Stop profiteering from the shortage of computers

The Consumers Association of Penang (CAP) urges the government to take urgent measures to control the prices of laptops and tablet computers which are desperately needed by students for their online education, which has been badly affected since mid-March 2020. It is the responsibility of the relevant authorities to ensure that there is no profiteering with the surge in demand for these items in Malaysia.

The current rise in prices of these equipment was attributed to a shortage in stock and an increase in logistic costs from the producing country. It was reported that a branded affordable tablet that cost RM399 before MCO 2.0 is now priced at RM599, an increase of 25 per cent!

The reason given is unacceptable. The manufacturers of these items, which are large corporations, should lower their profit margin as part of their social responsibility in these trying times. Retailers should not take advantage of the temporary shortage to hike up the prices to make unjustified profits. The authorities should have foreseen the problem and taken proactive measures to ensure there is enough supply, as it is almost a year since the MCO 1.0 was implemented.

When tabling the Budget 2021 in November 2020, Finance Minister, Tengku Zafrul Aziz announced that Government Linked Companies (GLCs) and Government Linked Investment Companies (GLIC) would be contributing RM150 million into the Tabung CERDIK to provide laptops to 150,000 students from 500 schools. The allocation of this sum of money alone will not solve the difficulties faced by children in getting education. Other associated problems must also be addressed.

According to a Ministry of Education (MoE) survey in March 2020, there were serious limitations concerning online teaching and home-based learning. The survey was conducted among 670,000 parents and about 900,000 pupils, and the results were shocking. Only 6 per cent of the students surveyed had personal computers and tablets; 9% had laptops; and 46% had smartphones while 36.9 per cent did not have any devices.

Even then there are about 4.9 million students in pre-, primary and secondary schools nationwide and the 150,000 laptops and tablet computers will be sufficient only for 3 per cent of the student population. This excludes those at tertiary levels whom we cannot assume are rich to afford such hardware.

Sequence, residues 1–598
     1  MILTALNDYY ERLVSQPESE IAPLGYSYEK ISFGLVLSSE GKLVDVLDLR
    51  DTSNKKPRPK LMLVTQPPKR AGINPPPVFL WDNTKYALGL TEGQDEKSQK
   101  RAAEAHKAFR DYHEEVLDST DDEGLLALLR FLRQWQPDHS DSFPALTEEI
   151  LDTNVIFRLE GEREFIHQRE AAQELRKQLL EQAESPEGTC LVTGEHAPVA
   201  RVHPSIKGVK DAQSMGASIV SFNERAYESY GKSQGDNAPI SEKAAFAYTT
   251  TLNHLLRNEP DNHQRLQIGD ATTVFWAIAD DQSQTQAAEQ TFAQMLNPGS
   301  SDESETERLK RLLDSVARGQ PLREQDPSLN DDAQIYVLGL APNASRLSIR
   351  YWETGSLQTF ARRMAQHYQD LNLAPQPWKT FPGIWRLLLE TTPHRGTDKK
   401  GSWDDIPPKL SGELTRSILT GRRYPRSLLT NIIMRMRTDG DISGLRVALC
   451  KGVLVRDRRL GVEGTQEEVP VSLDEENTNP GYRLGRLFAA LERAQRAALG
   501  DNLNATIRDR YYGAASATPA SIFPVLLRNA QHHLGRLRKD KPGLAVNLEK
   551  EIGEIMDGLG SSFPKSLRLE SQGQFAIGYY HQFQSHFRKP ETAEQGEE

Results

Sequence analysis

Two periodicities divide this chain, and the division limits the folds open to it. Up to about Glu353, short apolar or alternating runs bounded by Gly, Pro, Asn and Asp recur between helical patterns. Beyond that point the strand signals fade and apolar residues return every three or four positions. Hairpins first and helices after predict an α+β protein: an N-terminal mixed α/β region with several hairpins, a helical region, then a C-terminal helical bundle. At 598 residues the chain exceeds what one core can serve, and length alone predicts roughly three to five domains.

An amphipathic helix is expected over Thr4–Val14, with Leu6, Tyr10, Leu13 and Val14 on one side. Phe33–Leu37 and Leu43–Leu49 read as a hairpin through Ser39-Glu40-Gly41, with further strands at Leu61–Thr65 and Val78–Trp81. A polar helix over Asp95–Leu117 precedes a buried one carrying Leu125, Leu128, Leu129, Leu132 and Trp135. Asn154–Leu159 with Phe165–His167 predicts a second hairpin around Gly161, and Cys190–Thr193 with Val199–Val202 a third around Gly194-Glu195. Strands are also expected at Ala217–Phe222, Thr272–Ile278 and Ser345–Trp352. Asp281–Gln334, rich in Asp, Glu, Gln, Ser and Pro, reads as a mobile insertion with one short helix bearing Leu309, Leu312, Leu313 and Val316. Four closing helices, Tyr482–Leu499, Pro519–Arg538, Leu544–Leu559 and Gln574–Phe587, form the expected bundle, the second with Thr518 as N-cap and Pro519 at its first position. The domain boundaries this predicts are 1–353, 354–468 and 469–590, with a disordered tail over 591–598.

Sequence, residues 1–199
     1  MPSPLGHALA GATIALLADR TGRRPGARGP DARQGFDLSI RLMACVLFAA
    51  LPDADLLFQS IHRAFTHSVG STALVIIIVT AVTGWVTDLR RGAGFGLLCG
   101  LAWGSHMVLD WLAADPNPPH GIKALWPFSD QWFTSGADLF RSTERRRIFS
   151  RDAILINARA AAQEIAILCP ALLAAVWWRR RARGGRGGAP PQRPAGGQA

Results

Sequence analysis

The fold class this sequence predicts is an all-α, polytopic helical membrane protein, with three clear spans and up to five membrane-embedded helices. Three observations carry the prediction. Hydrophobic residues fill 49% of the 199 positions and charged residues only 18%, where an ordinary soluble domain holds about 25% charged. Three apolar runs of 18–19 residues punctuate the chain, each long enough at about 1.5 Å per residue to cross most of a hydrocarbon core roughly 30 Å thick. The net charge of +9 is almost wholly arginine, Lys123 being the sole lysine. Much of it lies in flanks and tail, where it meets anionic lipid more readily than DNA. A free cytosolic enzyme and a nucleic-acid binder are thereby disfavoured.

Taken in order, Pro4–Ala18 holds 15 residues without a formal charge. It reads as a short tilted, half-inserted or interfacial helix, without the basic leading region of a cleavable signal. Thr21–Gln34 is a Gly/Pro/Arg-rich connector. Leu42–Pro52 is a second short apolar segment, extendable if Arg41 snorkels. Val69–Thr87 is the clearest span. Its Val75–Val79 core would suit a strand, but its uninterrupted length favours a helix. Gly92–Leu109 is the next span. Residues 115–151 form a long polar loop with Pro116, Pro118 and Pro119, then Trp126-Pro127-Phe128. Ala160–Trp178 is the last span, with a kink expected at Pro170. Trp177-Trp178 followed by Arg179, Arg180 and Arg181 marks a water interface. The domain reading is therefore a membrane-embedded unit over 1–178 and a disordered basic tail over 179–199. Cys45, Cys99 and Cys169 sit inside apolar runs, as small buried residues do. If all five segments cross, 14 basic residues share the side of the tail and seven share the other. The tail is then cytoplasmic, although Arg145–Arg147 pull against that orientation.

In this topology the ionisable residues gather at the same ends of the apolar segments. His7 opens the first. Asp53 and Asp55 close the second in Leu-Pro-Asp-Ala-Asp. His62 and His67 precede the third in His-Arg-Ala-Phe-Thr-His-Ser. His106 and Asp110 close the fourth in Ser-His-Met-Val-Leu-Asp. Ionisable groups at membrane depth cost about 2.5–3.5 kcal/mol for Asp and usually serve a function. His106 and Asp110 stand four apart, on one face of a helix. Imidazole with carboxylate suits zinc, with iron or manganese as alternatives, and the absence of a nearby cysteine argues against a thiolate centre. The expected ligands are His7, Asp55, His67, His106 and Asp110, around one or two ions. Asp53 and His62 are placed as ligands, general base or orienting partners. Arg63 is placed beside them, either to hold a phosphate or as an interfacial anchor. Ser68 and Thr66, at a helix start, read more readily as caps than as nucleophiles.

Even if the computers and other equipment are made available, there is still the problem of poor internet service. It is often touted that Malaysia has high-speed internet but there are places where the internet is intermittent or slow. The government has to take internet service providers to task in ensuring that coverage and transmission speed are up to acceptable standards.

The prices and supply of laptops and tablets should be closely monitored and regulated because of the increased demand generated by the education sector, and the business sector which is switching over to cashless transactions.

If laptops and tablets are not easily available, then the government should not proceed with education online and consider alternative methods. School classes can be held on alternative days for core subjects with reduced batches of students. Children who are in the vulnerable category can have home schooling. Retired teachers who are fit to work can be mobilised for this purpose.

We call upon the government to speed up the distribution of laptops and tablet computers as many students have been deprived of education for almost a year. The internet services must be improved and made available throughout the country. Where this is not possible, for example in the interior region, other arrangements must be made to educate the children.

Press Statement, 10 February 2021